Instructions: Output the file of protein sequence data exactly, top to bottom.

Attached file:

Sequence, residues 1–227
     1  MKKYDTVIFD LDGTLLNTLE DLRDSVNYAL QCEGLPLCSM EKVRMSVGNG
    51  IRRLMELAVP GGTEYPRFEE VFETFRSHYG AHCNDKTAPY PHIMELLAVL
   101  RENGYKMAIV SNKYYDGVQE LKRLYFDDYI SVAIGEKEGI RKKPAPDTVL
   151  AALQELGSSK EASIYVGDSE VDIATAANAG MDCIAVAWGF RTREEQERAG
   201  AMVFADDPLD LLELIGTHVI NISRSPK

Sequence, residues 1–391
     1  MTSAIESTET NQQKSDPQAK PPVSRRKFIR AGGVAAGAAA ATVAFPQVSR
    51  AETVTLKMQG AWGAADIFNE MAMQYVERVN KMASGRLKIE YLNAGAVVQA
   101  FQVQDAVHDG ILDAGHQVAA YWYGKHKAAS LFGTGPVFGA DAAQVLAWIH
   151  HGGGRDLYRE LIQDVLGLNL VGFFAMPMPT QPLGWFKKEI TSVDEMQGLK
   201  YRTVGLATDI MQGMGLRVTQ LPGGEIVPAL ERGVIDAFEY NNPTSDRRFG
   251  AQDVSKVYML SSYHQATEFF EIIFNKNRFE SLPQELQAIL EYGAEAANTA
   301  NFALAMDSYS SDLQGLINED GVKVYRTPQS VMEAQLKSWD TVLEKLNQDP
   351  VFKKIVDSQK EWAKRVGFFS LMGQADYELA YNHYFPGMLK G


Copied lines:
Sequence, residues 1–227
     1  MKKYDTVIFD LDGTLLNTLE DLRDSVNYAL QCEGLPLCSM EKVRMSVGNG
    51  IRRLMELAVP GGTEYPRFEE VFETFRSHYG AHCNDKTAPY PHIMELLAVL
   101  RENGYKMAIV SNKYYDGVQE LKRLYFDDYI SVAIGEKEGI RKKPAPDTVL
   151  AALQELGSSK EASIYVGDSE VDIATAANAG MDCIAVAWGF RTREEQERAG
   201  AMVFADDPLD LLELIGTHVI NISRSPK

Sequence, residues 1–391
     1  MTSAIESTET NQQKSDPQAK PPVSRRKFIR AGGVAAGAAA ATVAFPQVSR
    51  AETVTLKMQG AWGAADIFNE MAMQYVERVN KMASGRLKIE YLNAGAVVQA
   101  FQVQDAVHDG ILDAGHQVAA YWYGKHKAAS LFGTGPVFGA DAAQVLAWIH
   151  HGGGRDLYRE LIQDVLGLNL VGFFAMPMPT QPLGWFKKEI TSVDEMQGLK
   201  YRTVGLATDI MQGMGLRVTQ LPGGEIVPAL ERGVIDAFEY NNPTSDRRFG
   251  AQDVSKVYML SSYHQATEFF EIIFNKNRFE SLPQELQAIL EYGAEAANTA
   301  NFALAMDSYS SDLQGLINED GVKVYRTPQS VMEAQLKSWD TVLEKLNQDP
   351  VFKKIVDSQK EWAKRVGFFS LMGQADYELA YNHYFPGMLK G